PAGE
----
Healthcare providers are knee deep in efforts to meet Stage 2 meaningful-use (MU) requirements in a timely fashion. While there are many uphill battles facing providers and technology vendors alike, one notable challenge voiced across the industry relates to the complexities of setting up patient portals.
While not directly required in Stage 1 MU requirements, patient portals have been identified as a natural and effective approach for achieving a number of objectives, including providing patient access to:
- Health information in a timely manner;
- Clinical summaries of office visits; and
- Patient-specific education resources.
With Stage 2 already in motion, many industry professionals believe that patient portals will be necessary for healthcare organizations to meet requirements laid out for more active electronic engagement of patients. Specifically, patients will need to be able to view, download and transmit information directly from their personal health record within an electronic health record (EHR).
Patient-centered requirements are only expected to expand and deepen as the industry moves into Stage 3 and beyond. Simply put, the movement is all about getting more of the health record into patients’ hands and educating them for more active engagement in their care.
In many ways, it’s a significant power shift. Clinicians will no longer be the gatekeepers of health information. And while empowering patients is an important element of the patient-centered care movement, the transition comes with an inherent responsibility on the part of healthcare organizations: ensuring that appropriate resources and education tools are available to patients and support a clear understanding of all elements of care.
Because clinicians tend to communicate in a language very different than that of patients, a key ingredient to patient portal success will be the availability of consumer-level content, presented in an easy-to-understand way.
Consider that some advanced patient portal initiatives provide access to health summaries (including procedures), problem lists, lab and test results, medication lists, allergy lists and immunizations. As patients are provided with direct access to all of this information, they must be armed with the knowledge of how to analyze and act on it.
Challenges to patient education in patient portals
According to a report recently issued by the Institute of Medicine (IOM), nearly half of American adults do not adequately understand and use written health information. Specifically, 90 million people have been classified with limited health literacy.
Defined by the IOM as “the degree to which individuals have the capacity to obtain, process and understand basic health information and services needed to make appropriate health decisions,” health literacy and the staggering statistics regarding limited health literacy have formed the basis of a number of national initiatives to improve how consumer health information is presented.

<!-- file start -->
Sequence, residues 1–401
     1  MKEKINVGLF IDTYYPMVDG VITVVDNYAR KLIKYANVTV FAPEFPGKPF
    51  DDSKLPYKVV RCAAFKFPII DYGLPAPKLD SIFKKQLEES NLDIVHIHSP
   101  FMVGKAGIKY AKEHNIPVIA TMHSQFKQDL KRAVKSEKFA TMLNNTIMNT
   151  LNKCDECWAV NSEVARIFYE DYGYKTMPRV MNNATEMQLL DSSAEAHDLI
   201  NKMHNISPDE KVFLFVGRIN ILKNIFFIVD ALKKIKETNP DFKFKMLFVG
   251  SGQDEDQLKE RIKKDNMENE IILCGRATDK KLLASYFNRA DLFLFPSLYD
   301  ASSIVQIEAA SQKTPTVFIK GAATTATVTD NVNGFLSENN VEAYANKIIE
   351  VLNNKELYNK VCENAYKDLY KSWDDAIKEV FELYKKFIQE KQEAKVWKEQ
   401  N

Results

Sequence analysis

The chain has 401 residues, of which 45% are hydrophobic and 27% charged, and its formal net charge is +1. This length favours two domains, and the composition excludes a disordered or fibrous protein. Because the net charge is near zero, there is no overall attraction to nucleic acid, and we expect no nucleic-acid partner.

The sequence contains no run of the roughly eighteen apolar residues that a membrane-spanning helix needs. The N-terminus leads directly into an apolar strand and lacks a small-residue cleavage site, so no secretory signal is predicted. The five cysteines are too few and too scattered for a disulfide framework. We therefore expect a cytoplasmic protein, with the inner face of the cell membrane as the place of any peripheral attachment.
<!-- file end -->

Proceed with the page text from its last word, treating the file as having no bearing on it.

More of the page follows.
As Stage 2 requirements encourage greater use of patient portals and more email communication between clinicians and patients, the barriers to proper patient education become even more pronounced. With less face-to-face interaction, effective patient education methods that can be achieved through verbal dialogue and teach-back methods in a clinical setting must now be accomplished through written resources within a patient portal. Teach-back methods – where patients are able to verbally provide a detailed explanation of what they have been taught – provide assurance to clinicians that comprehension has been achieved. This kind of confirmation will not be available through patient portals.
Research suggests that a wide communication gap already exists between providers and patients in regards to basic medical terminology as well as the value proposition of the information presented. Alongside this knowledge gap is a lack of appropriate tools that address the challenges of limited health literacy from a written, cultural and linguistic standpoint.
This is particularly true for patients who need access to resources in languages other than English. For these individuals, an obvious unmet healthcare need is the inability to clearly comprehend instructions and information provided in non-native languages. The Health Resources and Services Administration (HRSA) recently reported that the number of people in the U.S. who speak a language other than English has grown by 140 percent over the last three decades.
Along with the challenges of providing resources that truly address limited health literacy, it is also difficult for healthcare organizations to keep content up to date. In an ever-evolving healthcare landscape, the latest industry facts, evidence and best practices can quickly become outdated. Resource-strapped hospitals and clinical settings are simply unable to address this need for regular monitoring of content, such that patients can always trust that the information is accurate.